Judi Stuart: Dust is everywhere and you can not escape it

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Author H. Jackson Brown said, “You either make dust or eat dust.” If you ate any snow cream during our recent events, you ate dust.

Our atmosphere is full of dust particles, and when an extremely cold-water droplet combines with dust, it forms a crystal. The crystal continues to fall, picking up other droplets eventually forming a six-armed snowflake.

Comedian George Carlin reflected, “Dusting is a good example of the futility of trying to put things right. As soon as you dust, the fact of your next dusting has already been established.”

Most dust falls into one of several categories: atmospheric dust, domestic dust, Middle Eastern dust, or cosmic dust.

Atmospheric dust includes soil particles, volcanic eruption dust, pollution and road dust which itself comprises 33 percent of air pollution. Cosmic dust is found in outer space and is the result of the creation of meteors, stars, and space debris.

Middle Eastern dust is a worsening problem caused by climate change and increasing desertification. Five million people in Iran have been affected by the poor air quality, and it is a major concern for the government.

Dust does not stay still either. Thirteen million tons of dust drift from Africa and the Middle Eastern area into the United States according to the National Aeronautic and Space Administration (NASA). The Environmental Protection Agency (EPA) monitors air quality and issues warnings as needed.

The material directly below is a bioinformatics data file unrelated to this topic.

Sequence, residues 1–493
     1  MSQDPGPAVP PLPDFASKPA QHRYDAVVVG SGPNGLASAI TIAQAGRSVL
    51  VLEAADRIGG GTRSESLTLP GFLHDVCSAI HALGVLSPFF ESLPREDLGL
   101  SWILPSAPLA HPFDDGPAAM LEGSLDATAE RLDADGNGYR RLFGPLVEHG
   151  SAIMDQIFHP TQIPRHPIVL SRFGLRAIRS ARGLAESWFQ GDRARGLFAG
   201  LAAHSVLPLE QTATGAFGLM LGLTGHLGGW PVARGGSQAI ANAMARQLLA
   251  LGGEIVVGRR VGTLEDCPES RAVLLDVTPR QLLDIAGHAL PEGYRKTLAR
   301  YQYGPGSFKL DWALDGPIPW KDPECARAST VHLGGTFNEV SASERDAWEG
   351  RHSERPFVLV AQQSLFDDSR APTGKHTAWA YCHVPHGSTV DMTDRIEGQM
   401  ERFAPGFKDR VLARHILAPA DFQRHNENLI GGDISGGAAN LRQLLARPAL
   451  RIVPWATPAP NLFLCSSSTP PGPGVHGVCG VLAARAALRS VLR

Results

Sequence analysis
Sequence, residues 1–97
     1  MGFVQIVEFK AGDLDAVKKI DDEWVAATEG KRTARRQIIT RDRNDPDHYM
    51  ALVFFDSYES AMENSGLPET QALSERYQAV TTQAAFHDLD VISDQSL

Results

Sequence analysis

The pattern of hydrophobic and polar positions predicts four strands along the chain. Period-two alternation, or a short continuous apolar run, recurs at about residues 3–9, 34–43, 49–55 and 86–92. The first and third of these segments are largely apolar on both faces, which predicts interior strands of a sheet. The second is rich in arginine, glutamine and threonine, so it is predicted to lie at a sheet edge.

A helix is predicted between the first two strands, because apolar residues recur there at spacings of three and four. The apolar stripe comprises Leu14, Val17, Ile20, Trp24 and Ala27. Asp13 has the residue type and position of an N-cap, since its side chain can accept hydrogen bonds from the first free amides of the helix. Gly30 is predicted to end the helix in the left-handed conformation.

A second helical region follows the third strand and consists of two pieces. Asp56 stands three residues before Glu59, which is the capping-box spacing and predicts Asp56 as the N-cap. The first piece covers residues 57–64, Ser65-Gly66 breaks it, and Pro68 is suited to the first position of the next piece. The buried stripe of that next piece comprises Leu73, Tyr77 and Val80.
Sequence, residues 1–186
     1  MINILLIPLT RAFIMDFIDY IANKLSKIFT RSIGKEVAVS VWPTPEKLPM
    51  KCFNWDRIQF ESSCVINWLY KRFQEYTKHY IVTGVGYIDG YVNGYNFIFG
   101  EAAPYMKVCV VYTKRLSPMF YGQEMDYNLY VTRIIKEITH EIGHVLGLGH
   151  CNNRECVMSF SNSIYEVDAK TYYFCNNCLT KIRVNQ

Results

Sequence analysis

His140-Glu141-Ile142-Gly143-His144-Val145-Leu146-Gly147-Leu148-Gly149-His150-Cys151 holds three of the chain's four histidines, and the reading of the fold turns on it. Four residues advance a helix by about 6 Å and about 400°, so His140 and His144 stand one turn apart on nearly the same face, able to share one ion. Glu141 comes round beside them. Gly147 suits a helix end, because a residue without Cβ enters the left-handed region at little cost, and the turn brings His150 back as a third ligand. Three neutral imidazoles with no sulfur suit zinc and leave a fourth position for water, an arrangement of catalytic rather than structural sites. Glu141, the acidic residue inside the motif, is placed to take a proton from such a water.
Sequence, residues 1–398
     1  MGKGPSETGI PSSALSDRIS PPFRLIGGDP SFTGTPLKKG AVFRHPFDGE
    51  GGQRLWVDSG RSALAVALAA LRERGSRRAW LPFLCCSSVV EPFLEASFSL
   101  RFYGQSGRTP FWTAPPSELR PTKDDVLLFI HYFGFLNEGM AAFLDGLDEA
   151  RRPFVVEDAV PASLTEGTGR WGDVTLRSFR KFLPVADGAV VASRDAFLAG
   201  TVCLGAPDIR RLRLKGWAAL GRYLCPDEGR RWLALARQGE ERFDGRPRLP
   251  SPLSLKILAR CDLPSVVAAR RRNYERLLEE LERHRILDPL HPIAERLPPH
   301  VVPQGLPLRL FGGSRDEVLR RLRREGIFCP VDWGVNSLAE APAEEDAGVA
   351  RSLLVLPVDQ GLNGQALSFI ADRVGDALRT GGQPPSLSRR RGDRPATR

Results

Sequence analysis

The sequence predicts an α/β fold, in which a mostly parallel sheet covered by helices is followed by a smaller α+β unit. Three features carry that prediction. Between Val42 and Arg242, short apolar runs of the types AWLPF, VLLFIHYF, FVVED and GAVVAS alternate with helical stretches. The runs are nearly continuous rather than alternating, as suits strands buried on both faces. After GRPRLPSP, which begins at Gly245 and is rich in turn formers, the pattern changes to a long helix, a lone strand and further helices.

Researchers have discovered that U.S. troops in Iraq, Afghanistan, and Kuwait have inhaled particles containing toxic metals, bacteria, and fungi among other things. Scientists are trying to determine if this fact has any connection with ailments like Gulf War Syndrome, neurological and heart problems, meningitis, cancer, respiratory illness, post traumatic stress disorder, and depression.

Domestic dust is the in-your-face problem most of us worry about. Plant pollen, human and animal hair, textile and paper fibers, human skin, and dust mites make-up the dust that you see in your home.

Dust mites are members of the eight-legged arachnid class of animals. They and their feces are found in the warm, humid environment of beds, upholstered furniture, and all surfaces.

Even more of them are found in carpets where they love to breed. Mites grow best in 75-80 percent humidity but will not survive if the humidity is below 50 percent.

Humans give the dust mites plenty of skin cells to feast upon. In a way, they eat our dust.

After 10 years of infestation, the weight of a mattress can double in size and houses between 1-to-10 million dust mites. The weight of a pillow can be 10 percent dust mites. If you often wake-up with congestion, watery eyes, and sneezing, you might be allergic to dust mites.

Vacuum cleaners with HEPA filters, house air filters, allergy bedding, mattress covers, and special laundry additives can reduce the problem. Washing sheets and blankets frequently can also help. Dehumidifiers can also assist in the home.

And you thought it was just a little dust.

Judi Stuart is the Visitor Services 
Manager at Port Discover